Messaging Protocols

An understanding of both the architecture and the message / data sharing requirements of each target system is an important pre-requisite for choosing the most appropriate messaging protocol solution for the Internet of Things IoT and Industrial Internet IIoT. A number of key messaging technologies are emerging that will support the next generation of IoT applications. These messaging technologies include Data Distribution Service DDS, Constrained Application Protocol CoAP, Message Queuing Telemetry Transport MQTT, Advanced Message Queuing Protocol AMQP, Java Message Service JMS, eXtensible Messaging and Presence Protocol XMPP and Representational State Transfer REST, each of which can be used to connect devices in a distributed network. However, their suitability to support the different operational scenarios considered, including Inter and Intra Device communication, Device to Cloud communication and Inter Data Center communication varies, especially when key system requirements such as performance, quality-of-service, interoperability, fault tolerance and security are taken into account.

Messaging Protocol Technologies Internet of Things

AMQP and JMS have been designed to address applications requiring fast and reliable business transactions. JMS is focused on Java-centric systems although there are a number of vendors who have developed proprietary C and C++ JMS API mappings that can be used with a JMS broker. As an API standard, JMS cannot guarantee interoperability between producers and consumers using different JMS implementations.

MQTT provides a simple and lightweight device data collection solution, although only partial interoperability between MQTT publishers and subscribers can be guaranteed. Messages can be exchanged between different MQTT implementations but unless the format of the message body is agreed between peers, the message cannot be un-marshaled.

REST provides a simple client-server (request/reply) style of communications that is useful for systems that need to communicate over the Internet, but it cannot provide asynchronous loosely coupled publish-and-subscribe message exchanges. The stateless model supported by HTTP can simplify server design, however the disadvantage of statelessness is that it may be necessary to include additional information in every request and this extra information will need to be interpreted by the server. This can be very inefficient is terms of request processing time and resources consumed (e.g. number of TCP/IP connections).

CoAP was designed to support the connectivity of simple low power electronic devices (e.g. wireless sensors) with Internet based systems. It can be used for data collection in systems that do not require very high performance, real-time data sharing or real-time device control. In many cases data is collected for subsequent “offline” processing. A CoAP device is connected to a cloud-based system via a HTTP proxy using a standard CoAP-HTTP mapping. Using a proxy/bridge adds an additional communication overhead and increases message latency.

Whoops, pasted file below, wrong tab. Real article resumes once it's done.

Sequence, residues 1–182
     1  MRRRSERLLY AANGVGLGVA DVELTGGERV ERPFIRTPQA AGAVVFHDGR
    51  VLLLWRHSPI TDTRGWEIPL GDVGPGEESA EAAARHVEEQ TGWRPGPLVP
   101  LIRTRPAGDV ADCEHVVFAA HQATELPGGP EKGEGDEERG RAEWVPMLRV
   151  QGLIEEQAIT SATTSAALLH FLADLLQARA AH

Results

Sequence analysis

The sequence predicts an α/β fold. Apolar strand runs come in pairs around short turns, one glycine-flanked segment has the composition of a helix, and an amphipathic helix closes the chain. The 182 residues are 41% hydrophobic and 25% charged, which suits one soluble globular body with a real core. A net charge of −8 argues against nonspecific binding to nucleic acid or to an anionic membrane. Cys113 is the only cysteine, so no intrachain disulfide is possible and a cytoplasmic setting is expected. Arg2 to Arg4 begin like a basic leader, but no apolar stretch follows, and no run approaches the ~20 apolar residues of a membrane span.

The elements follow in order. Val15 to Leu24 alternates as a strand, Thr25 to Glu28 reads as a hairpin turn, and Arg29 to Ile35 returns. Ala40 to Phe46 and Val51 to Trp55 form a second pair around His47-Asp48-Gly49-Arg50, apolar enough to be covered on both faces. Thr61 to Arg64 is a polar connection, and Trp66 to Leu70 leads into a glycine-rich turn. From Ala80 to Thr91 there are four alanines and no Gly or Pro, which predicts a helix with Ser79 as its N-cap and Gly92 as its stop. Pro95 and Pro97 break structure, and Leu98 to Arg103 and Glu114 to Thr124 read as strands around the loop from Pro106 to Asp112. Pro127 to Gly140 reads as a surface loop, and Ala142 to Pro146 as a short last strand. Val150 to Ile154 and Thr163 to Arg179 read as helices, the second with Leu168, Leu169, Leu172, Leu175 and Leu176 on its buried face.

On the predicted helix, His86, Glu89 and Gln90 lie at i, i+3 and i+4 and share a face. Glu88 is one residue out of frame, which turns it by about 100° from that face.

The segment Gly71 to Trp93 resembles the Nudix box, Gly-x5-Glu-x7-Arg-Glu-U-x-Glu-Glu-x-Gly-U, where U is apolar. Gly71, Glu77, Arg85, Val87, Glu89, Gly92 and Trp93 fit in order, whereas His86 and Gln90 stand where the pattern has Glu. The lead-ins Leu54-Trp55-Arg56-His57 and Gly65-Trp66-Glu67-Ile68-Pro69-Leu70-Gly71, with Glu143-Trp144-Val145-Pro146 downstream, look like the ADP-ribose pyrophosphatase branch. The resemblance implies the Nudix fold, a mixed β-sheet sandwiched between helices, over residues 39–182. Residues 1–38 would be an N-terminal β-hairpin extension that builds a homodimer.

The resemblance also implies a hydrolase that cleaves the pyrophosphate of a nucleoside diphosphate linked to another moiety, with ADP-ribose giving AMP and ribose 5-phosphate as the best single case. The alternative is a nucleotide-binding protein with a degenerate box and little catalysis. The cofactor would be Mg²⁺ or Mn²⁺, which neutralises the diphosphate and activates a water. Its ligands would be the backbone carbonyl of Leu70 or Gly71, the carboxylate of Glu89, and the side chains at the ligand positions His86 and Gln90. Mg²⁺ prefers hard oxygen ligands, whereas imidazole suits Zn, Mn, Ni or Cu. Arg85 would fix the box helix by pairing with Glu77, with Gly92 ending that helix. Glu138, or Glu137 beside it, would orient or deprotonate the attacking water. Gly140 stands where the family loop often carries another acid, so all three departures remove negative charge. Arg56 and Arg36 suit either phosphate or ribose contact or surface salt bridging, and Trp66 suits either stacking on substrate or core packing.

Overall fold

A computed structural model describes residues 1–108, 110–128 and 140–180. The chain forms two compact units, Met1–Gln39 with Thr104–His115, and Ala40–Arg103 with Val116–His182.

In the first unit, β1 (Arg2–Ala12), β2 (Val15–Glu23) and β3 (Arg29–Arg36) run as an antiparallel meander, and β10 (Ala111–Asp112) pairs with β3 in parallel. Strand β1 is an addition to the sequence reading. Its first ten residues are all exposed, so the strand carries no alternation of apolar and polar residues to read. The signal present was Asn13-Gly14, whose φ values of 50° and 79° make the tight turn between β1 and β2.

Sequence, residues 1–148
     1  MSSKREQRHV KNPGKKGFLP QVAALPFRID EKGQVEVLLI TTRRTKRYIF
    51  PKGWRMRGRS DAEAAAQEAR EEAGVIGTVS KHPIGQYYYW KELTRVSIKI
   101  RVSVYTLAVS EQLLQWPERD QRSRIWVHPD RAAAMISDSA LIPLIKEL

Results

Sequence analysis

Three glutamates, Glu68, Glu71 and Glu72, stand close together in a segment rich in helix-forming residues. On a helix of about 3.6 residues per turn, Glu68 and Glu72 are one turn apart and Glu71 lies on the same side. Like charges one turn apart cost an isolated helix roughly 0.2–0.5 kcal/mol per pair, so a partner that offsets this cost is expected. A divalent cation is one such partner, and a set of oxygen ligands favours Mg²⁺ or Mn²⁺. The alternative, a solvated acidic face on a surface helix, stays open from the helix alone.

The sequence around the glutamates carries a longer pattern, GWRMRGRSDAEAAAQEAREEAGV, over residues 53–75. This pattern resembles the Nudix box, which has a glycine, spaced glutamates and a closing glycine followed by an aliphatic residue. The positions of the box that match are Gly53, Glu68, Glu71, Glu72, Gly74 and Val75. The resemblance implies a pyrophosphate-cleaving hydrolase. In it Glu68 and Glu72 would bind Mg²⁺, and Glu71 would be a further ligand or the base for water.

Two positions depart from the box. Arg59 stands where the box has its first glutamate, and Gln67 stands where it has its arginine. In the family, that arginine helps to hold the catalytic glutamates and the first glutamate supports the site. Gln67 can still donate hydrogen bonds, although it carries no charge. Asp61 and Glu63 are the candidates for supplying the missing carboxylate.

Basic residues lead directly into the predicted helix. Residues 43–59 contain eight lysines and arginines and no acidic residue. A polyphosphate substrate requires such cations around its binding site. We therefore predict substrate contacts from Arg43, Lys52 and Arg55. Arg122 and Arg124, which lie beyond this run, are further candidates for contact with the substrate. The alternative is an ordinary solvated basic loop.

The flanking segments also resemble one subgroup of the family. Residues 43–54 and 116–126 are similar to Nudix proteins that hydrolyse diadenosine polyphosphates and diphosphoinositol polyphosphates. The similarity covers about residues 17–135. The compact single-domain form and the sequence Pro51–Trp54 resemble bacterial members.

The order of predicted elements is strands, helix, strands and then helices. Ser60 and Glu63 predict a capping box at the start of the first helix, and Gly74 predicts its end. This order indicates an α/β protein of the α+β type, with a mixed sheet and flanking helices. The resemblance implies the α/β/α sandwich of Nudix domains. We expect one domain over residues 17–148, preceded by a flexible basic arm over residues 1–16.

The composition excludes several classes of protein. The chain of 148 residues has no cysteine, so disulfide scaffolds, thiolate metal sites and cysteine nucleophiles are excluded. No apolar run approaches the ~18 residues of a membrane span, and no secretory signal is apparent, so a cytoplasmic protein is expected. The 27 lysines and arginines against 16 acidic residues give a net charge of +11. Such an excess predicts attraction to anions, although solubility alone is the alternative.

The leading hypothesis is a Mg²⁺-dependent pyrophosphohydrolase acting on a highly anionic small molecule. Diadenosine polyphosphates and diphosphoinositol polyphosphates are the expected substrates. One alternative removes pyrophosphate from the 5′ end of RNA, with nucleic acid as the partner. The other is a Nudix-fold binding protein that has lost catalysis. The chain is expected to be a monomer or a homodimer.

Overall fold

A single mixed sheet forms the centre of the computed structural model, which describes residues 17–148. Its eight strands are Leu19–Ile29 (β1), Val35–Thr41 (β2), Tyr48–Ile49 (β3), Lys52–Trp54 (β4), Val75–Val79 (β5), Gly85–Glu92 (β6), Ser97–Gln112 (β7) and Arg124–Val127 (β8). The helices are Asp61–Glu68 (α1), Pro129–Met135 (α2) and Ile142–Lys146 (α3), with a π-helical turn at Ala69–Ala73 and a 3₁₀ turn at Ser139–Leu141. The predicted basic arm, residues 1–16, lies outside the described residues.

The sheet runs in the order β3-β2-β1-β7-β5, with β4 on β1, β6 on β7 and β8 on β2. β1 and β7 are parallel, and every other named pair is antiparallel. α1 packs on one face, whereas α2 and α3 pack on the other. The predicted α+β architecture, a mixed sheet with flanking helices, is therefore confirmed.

XMPP can support distributed message exchanges between processes on a single node (Intra Device). However XMPP was not designed for high performance message exchanges within the same mode and is more appropriate when used to communicate between nodes or with internet based applications.

Choosing AMQP, MQTT, JMS or REST for systems where a device needs to fan-out messages to perhaps thousands of other networked devices can result in poor performance and much complexity (e.g. requiring a multi broker configuration). CoAP however, supports IP multicast, enabling a single request to be issued to multiple CoAP devices concurrently.

Unlike DDS, which provides support for dynamic discovery, configuring a system that uses AMQP, MQTT or JMS is through the broker. Accessing the broker is usually via a well known network address or a lookup service such as JNDI. If the broker is moved to a different server then clients must be re-configured to use the address of broker’s new location.

Only DDS can provide the real-time, many-to-many, managed connectivity required by high-performance device-to-device applications. DDS is also emerging as a key interoperable messaging protocol for connecting real-time device networks to Cloud based Data Centers. Vendor specific implementations of DDS such as PrismTech’s DDS can also offer exceptional intra-nodal data sharing performance.

Ensuring that a system is fault-tolerant and secure is a key consideration in an IoT world consisting of potentially many thousands of devices all exchanging information. Most of the messaging technologies discussed in this document view security as an orthogonal issue to their core messaging functionality. The leading vendor implementations typically provide proprietary solutions based on tried and tested third party security technologies such as SSL or TLS. AMQP specifies the use of SASL to provide a pluggable message authentication interface and the forthcoming OMG DDS Security Specification will standardize a comprehensive security framework for DDS-based systems.

Finally, it is worth mentioning that in some cases it may make sense (perhaps for legacy reasons) to create a system that uses more than one messaging technology within the same architecture.  In this case, custom mediation schemes or protocol bridges to exchange messages between clients using different protocols are required. This may not provide the optimal solution but is a common scenario particularly as a system evolves and there is need to integrate new and legacy applications.

PrismTech's Vortex is underpinned by the leading (commercial and open source) implementation of the OMG DDS standard to ensure that is is an ideal solution for the data-centric messaging protocol needs of the Internet of Things and Industrial Internet.